After my second year coaching, I vividly remember sitting myself down to find the answer to this question. Why do I coach? I couldn’t easily answer that question at the time, nor had I put much thought into it. The simple answer was that I loved softball and I loved to teach, but I needed a deeper reason. I was at a crossroad of sorts, in that I recognized I had a path to choose. I could either view my players as a means to a professional end or I could view them as young women who needed someone to see more in them than they could in themselves. I could coach simply for where it would get me or I could coach for something more important.
I decided that God had given me coaching as a means for me to make a difference in His world.
With every year that passes, I recognize the great need and the great opportunity I have to make a lasting impact upon another person. I still believe that God put me on this path to bring light. The world of sports is vibrant, exciting, challenging, and uplifting. Athletes learn discipline, hard work, and the thrill of overcoming what they thought impossible. There is so much good in this world! Yet, I see the dark side of this world, too. I see the lies Satan tells. I see the celebration of self over all. I watch as athletes buy into the lie that in order to be strong and independent, they cannot cry or that acknowledging weakness is embarrassing. They crave confidence. They crave assurance. But the world of competition never offers these things, at least not in a lasting way. I watch and hope they ask, so I can help set the record straight. I wait until they are ready to know a better way.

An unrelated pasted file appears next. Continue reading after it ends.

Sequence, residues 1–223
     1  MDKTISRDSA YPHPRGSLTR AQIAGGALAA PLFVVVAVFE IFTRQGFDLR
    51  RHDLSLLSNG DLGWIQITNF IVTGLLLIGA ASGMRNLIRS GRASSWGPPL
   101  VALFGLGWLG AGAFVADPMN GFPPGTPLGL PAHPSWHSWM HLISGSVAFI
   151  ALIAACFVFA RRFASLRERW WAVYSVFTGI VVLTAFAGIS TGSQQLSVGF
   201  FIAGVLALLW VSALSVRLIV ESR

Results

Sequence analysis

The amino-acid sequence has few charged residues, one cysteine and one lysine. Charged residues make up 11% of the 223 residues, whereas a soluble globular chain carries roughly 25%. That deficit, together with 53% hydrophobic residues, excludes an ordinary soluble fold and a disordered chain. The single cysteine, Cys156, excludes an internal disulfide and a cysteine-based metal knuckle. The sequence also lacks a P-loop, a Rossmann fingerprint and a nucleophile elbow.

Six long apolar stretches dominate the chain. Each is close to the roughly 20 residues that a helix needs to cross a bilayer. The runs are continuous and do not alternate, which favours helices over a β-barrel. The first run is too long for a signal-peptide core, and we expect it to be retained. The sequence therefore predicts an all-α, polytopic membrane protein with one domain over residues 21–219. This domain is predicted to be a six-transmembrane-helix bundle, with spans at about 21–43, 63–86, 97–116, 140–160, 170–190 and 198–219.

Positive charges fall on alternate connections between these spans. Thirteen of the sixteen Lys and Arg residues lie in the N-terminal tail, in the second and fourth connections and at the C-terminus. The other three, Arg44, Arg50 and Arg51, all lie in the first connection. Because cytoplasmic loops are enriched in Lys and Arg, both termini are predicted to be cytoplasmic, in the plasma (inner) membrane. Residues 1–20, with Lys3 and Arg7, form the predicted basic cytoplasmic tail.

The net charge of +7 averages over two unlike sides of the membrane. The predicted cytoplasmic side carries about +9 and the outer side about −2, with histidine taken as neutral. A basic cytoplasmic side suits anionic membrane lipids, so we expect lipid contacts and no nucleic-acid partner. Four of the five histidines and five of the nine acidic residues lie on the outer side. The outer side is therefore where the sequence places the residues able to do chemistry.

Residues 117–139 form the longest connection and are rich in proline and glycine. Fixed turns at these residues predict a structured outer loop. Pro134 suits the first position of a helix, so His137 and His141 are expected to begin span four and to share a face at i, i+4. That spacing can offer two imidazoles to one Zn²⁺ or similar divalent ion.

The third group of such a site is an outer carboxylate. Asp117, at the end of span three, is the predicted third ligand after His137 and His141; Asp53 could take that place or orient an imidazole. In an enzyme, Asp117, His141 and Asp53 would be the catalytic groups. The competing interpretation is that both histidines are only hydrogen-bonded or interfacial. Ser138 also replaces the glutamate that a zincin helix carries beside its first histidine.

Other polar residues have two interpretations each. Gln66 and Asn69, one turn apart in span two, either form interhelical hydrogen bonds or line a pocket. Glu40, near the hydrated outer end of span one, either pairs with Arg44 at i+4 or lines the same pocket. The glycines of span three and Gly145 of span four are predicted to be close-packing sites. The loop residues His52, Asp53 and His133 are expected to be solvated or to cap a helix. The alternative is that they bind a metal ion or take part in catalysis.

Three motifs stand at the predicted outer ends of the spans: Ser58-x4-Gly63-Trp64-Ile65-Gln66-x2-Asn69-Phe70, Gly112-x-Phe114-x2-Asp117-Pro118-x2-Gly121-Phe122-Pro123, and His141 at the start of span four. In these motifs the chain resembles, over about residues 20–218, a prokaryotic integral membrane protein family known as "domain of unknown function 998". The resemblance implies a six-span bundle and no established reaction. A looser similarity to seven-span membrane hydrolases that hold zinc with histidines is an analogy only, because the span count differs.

As someone with a degree centered around sport psychology, I am all about trusting the process. I had to choose the process. I had to trust that coaching the whole person would produce better results than only coaching the athlete.
In the process of finding my “why,” I realized that I could not claim Christ but coach for me. If He is everything, I had to let Him have everything. I could not coach as if the most important thing is winning, especially if it’s not.
So I coach process, and hope that I can teach my girls that the process, their mindset, and their perspective can change their outcome.
The older I get, the more I learn about myself and others. I have learned about fear and desire. I have learned about joy and disappointment. I have learned that we all have gifts inside of us that are meant to be used for the good of the kingdom of God.
I have learned that Christ will shine out of me when I use my gift for Him. I have realized we all truly want a purpose, to be part of something bigger than ourselves: a team. I get to be on God’s team. I live out a metaphor of life every day at work.
Every part of the game mirrors real life. I get to teach that to my players. I get the chance to help them develop skills that will impact their lives forever. I coach for that. I coach because I have an automatic platform, and God gave me the gift of teaching. So, I teach. Birds fly. Teachers teach. I bring my talents to Him, and He is teaching me to use them.
I have the chance to make a difference, maybe small, maybe big, but I have the chance. Isn’t a chance all we really want?
And when I get a little lost in the haze, I remember this: “We were made to respond to inspiration. Everybody wears an unseen sign that reads, “Inspire me.” Remind me that my life matters. Call me to be my best self. Appeal to whatever in me is most noble and honorable. Don’t let me go down the path of least resistance.” –John Ortberg